MoveOn also dropped more than $6.7 million in outside spending to support Biden. Progressive powerbrokers Sunrise Movement and the Justice Democrats became famous for mounting successful primary challenges against moderate Democrats across the country.
They joined left-wing strategy groups Battle Born Collective, New Deal Strategies and Data for Progress to issue a statement that encouraged Democrats to continue to fight for the wage hike after the conclusion of reconciliation.
“If Republicans choose to block them, Democrats must abolish the filibuster to pass them. This approach is morally right, and it will deliver bigger, better results that the American people desperately need,” the statement said.
The Justice Democrats rose to national prominence in 2018 when the group supported Ocasio-Cortez in her primary campaign against incumbent Rep. Joe Crowley, who was the chair of the House Democratic Caucus at the time. In 2020, the group spent $920,000 boosting Bowman and $150,000 supporting Bush. Both defeated incumbent Democrats before winning in November.
To do away with the filibuster, Democrats will need the support of every caucus member in the Senate, including moderates Sens. Joe Manchin (D-W.V.) and Kyrsten Sinema (D-Ariz.), who have so far resisted the change.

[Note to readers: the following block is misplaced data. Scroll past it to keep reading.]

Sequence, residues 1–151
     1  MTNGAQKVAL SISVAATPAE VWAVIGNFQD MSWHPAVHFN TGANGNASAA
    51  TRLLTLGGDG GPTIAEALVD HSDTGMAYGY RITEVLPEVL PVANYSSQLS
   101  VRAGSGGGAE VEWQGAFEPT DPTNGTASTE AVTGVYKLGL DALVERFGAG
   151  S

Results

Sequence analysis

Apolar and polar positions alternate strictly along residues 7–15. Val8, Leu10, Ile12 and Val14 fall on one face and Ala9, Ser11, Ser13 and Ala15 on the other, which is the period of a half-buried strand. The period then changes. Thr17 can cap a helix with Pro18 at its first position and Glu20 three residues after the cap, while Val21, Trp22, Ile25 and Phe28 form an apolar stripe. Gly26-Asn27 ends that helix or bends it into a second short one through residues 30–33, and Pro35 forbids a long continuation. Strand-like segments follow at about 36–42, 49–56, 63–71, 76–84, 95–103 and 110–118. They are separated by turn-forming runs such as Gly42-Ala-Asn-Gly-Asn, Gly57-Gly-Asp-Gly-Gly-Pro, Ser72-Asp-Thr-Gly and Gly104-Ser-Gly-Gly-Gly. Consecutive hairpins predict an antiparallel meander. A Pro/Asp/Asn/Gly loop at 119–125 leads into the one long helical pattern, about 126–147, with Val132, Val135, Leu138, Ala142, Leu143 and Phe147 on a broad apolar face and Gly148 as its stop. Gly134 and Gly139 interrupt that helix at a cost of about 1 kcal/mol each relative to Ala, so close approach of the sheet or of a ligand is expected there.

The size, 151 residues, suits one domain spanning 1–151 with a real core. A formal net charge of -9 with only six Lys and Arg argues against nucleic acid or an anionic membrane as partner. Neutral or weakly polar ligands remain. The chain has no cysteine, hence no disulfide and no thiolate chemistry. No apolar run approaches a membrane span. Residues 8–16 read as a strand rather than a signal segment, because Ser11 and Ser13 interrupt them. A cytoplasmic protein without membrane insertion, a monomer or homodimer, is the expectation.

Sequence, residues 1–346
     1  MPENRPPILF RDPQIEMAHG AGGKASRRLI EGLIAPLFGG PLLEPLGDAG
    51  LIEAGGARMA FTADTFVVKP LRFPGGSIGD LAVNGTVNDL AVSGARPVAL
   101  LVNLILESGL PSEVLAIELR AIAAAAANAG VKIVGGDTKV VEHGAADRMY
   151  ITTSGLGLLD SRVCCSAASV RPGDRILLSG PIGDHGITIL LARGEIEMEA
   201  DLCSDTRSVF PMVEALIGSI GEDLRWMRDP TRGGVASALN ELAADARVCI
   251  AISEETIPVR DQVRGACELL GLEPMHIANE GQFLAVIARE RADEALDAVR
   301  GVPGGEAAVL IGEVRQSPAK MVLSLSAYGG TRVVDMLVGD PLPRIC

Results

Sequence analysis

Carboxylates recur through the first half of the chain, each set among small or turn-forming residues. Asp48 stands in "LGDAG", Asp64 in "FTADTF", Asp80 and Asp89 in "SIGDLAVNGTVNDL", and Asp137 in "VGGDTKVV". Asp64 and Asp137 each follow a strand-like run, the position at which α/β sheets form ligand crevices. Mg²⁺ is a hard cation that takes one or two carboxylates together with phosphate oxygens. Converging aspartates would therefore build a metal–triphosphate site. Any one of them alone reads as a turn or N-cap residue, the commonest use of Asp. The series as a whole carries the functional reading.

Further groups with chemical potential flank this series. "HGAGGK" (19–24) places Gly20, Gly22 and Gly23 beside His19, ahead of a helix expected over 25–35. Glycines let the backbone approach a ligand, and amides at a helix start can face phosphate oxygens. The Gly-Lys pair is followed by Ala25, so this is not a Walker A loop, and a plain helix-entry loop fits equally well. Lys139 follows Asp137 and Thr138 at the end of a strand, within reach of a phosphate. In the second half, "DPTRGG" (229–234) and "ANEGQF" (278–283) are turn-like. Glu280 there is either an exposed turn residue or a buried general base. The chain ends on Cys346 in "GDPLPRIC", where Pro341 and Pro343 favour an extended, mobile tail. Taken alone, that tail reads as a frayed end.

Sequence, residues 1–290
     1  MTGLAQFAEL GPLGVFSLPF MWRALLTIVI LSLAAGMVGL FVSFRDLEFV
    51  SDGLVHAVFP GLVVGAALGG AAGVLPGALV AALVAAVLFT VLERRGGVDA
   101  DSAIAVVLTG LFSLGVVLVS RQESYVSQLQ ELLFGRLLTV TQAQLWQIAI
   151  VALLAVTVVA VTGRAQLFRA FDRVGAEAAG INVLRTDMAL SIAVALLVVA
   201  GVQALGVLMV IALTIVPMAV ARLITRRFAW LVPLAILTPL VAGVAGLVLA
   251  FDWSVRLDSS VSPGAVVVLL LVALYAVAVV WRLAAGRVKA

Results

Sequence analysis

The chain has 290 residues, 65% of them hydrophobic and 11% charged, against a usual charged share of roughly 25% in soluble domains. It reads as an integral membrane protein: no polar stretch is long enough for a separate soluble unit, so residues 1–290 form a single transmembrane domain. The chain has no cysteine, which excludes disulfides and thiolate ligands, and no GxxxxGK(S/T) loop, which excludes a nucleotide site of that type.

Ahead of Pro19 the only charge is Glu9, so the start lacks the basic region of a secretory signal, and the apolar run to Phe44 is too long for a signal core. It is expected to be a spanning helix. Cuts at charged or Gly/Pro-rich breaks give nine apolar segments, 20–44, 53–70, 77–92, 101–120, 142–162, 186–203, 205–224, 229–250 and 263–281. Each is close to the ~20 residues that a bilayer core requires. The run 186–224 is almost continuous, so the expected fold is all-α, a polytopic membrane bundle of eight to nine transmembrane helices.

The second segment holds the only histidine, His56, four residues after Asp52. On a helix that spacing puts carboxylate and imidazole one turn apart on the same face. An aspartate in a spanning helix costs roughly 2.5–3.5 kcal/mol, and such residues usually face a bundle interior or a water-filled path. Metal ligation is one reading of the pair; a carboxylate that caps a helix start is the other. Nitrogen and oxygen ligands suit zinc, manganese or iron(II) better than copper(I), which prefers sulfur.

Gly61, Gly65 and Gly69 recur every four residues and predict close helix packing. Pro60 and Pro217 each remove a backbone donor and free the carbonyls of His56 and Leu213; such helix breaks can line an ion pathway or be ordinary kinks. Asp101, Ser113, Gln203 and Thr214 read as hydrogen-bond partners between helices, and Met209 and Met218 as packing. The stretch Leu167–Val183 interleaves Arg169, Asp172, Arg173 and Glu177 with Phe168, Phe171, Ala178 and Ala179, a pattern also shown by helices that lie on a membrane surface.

The executive director of Demand Justice — a progressive “dark money” group that spent millions to oppose the confirmation of Supreme Court Justice Brett Kavanaugh in 2018 — also called on lawmakers to “overrule the parliamentarian or end the filibuster.”
No compromise on the horizon
As progressives dig in, it’s unlikely that mainstream Democrats will be able to strike a meaningful compromise with the GOP without defections from the party’s left flank.
“When you take the min wage from several decades ago and actually account for inflation and productivity gains to today, it should be $24 an hour. So we need other Democrats to understand how deep of a compromise $15 an hour is,” Ocasio-Cortez told MSNBC’s Medhi Hasan.
Republicans’ counter-offer would raise the wage to $10 over the course of several years.
Sens. Mitt Romney (R-Utah), Tom Cotton (R-Ark.), Shelly Moore Capito (R-W.V.), Rob Portman (R-Ohio) and Susan Collins (R-Me.) sponsored the alternate bill, which would also mandate that employers use E-Verify to check workers’ immigration status prior to hiring them.
Twenty-four states, including Maine and Arkansas, already have state minimum wages at or above $10.
Collins and Capito are reportedly open to negotiating higher but are steadfastly opposed to Democrats’ $15 proposal which has the support of Democratic leadership including Senate Majority Leader Chuck Schumer (D-N.Y.) “I don’t understand this all-or-nothing approach. Going from $7.25 to 10 dollars an hour … is a substantial and long overdue increase. So why would the progressives to whom Chuck [Schumer] is clearly listening be opposed to that?” Collins said. “It sounds like Chuck wants an issue, not a solution.”
Republican-aligned business groups, including the U.S. Chamber of Commerce and the National Federation of Independent Businesses, say the Democrats’ proposal will hurt small businesses’ bottom line.
Both groups spend millions each year to lobby the federal government and support the Republican proposal.
The federal minimum wage is $7.25 and has not changed since 2009. An analysis by the nonpartisan Congressional Budget Office found that raising the minimum wage to $15 an hour would lift nearly 1 million Americans out of poverty but would likely come at the cost of 1.4 million jobs.